3

So, I dragged and dropped multiple files onto notepad++. The files came from different directories and were selected using different criteria.

So, I have many files open in Notepad++. Now I need to have a list of all the open files in another file.

Right now, my only option is to script the decisions used to guide me in selecting the files in the first place. Which is probably the best in the long term, but I wonder if there is a quicky one in Notepad++. Some plugin magic or whatever.

Suggesting another free editor which has this function is a good option too (not that I am going to ditch notepad++, God forbid)

3

Yes, Install Python Script Plugin Plugin Manager.

After installing Python console, toggle the Python console.

Type this in the console:

notepad.getFiles()

to return all open files as a List type:

[('C:\\Users\\ahmed\\Desktop\\1999.txt', 32818504, 0, 0), ('D:\\WORKSPACE\\imza\\e-mail.html', 32721752, 1, 0), ('new  1', 32721944, 0, 1)]

The code below is one-shot command to retrieve the file names, and is suitable for Python Script command line. You can extend it with persistent Python scripts.

fileNames = [n[0] for n in notepad.getFiles()]

How to dump this fileNames to an existing file or newly created file

Current File: Paste this code and hit Enter twice.

for f in fileNames: editor.appendText(f + '\n')

New File Paste this code.

notepad.new() ; for f in fileNames: editor.appendText(f + '\n')

It is also possible dump to an external file, this snippet from http://npppythonscript.sourceforge.net/ is easy to understand even if you are not familiar with Python:

externalFile='_log.log'; console.run('cmd /c ls > "%s"' % externalFile, editor) 

Documentation

Comprehensive documenation is avaible in http://npppythonscript.sourceforge.net/docs/latest/ with Python Primer tutorial.

4

File > Save Session will create a file that has quite a lot of information about what you were doing. It will have a list of all of the open files. You'll have to do a bit of parsing to get just the file names.

  • This is an excellent advice and is good enough for me. – mark Oct 31 '13 at 16:08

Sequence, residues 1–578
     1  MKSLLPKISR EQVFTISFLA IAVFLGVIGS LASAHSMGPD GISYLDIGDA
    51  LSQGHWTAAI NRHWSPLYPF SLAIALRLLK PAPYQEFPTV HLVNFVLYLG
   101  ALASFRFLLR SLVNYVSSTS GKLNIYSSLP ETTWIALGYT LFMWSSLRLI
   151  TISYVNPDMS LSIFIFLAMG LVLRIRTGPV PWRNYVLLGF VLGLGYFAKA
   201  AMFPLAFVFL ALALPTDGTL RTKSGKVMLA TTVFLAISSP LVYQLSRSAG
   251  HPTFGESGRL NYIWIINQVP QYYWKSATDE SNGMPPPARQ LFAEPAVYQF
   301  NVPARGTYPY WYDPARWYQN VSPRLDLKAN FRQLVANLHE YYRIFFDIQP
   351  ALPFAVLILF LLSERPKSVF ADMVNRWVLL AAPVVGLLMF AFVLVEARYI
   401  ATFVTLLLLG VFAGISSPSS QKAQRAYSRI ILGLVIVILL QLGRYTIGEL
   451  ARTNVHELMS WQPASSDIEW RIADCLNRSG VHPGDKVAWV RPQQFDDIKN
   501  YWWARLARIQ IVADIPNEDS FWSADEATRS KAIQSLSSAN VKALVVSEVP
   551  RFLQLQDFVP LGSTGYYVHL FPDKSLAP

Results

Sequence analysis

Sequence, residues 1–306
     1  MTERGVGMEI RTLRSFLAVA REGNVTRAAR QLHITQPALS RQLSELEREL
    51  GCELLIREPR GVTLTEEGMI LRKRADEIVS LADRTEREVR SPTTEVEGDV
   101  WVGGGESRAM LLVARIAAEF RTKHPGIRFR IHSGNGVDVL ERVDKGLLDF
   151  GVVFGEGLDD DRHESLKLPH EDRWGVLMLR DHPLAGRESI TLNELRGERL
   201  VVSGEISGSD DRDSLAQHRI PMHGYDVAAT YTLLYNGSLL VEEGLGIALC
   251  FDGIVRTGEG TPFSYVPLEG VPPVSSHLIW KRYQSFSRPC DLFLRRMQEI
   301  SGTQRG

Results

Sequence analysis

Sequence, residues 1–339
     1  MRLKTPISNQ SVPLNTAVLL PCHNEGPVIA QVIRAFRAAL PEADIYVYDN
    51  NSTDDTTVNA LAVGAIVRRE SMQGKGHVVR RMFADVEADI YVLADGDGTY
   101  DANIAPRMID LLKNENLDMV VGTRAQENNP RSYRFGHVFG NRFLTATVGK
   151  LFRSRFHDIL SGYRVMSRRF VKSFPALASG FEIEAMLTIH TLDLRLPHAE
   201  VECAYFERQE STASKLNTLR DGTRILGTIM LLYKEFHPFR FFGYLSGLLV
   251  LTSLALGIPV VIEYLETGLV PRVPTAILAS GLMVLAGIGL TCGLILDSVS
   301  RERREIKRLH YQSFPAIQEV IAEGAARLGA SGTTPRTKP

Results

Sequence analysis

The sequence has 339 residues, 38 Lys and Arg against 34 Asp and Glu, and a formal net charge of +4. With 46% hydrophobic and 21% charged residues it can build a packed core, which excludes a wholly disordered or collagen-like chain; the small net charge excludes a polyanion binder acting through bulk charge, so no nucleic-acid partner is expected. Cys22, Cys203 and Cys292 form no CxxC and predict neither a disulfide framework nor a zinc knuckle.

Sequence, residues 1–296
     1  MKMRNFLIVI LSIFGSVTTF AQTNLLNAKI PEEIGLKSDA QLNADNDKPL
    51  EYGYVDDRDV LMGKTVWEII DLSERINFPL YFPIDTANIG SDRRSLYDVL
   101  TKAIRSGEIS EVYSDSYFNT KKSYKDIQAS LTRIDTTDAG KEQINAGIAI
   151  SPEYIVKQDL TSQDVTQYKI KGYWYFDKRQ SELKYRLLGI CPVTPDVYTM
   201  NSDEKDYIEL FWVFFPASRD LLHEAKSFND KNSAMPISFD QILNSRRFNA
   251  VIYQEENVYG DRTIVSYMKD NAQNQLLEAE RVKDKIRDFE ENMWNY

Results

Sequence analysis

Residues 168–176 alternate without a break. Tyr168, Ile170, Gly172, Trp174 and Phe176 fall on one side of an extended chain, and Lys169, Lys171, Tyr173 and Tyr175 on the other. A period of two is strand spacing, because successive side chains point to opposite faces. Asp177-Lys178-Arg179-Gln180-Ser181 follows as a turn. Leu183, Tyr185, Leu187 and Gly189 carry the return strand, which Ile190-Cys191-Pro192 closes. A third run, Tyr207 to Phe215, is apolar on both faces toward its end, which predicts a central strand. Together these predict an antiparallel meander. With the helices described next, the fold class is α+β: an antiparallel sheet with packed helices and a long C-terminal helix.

• Still an excellent advice, but I have to accept guneysus's answer - it is the best hands down. – mark Nov 6 '13 at 0:14
1

In windows, if you make a folder on your desktop (etc) called "working set" (or whatever), you can drag a shortcut to the file(s) into this folder instead of dragging them to notepad++.

You can then open them as normal using the file > open dialog: notepad will open the shortcut target. You can open multiple files in one operation this way.

You can also right click the shortcut in explorer and "open with > notepad++" but this will only open a single file rather than a group of them you might have selected.

Note that if you use "send to", instead of "open with" it will open the shortcut itself which is a binary file and not what you want.


You can also save a "session" under the "file menu". This will create an xml file which contains the currently opened files, as well as viewport settings etc. you can reload the session, or you can open and parse the session file to extract the filenames.


Again for windows, if you are scripting the file selection, you can use vbs to create the shortcuts:

 set objWSHShell = CreateObject("WScript.Shell")

' command line arguments
' TODO: error checking
sShortcut = objWSHShell.ExpandEnvironmentStrings(WScript.Arguments.Item(0))
sTargetPath = objWSHShell.ExpandEnvironmentStrings(WScript.Arguments.Item(1))

set objSC = objWSHShell.CreateShortcut(sShortcut) 

objSC.TargetPath = sTargetPath

objSC.Save

Note argument 0 will be the path an name of the shortcut, and argument 1 will be the target of the shortcut (the filename). This can be called using:

cscript create_shortcut.vbs %1 %2

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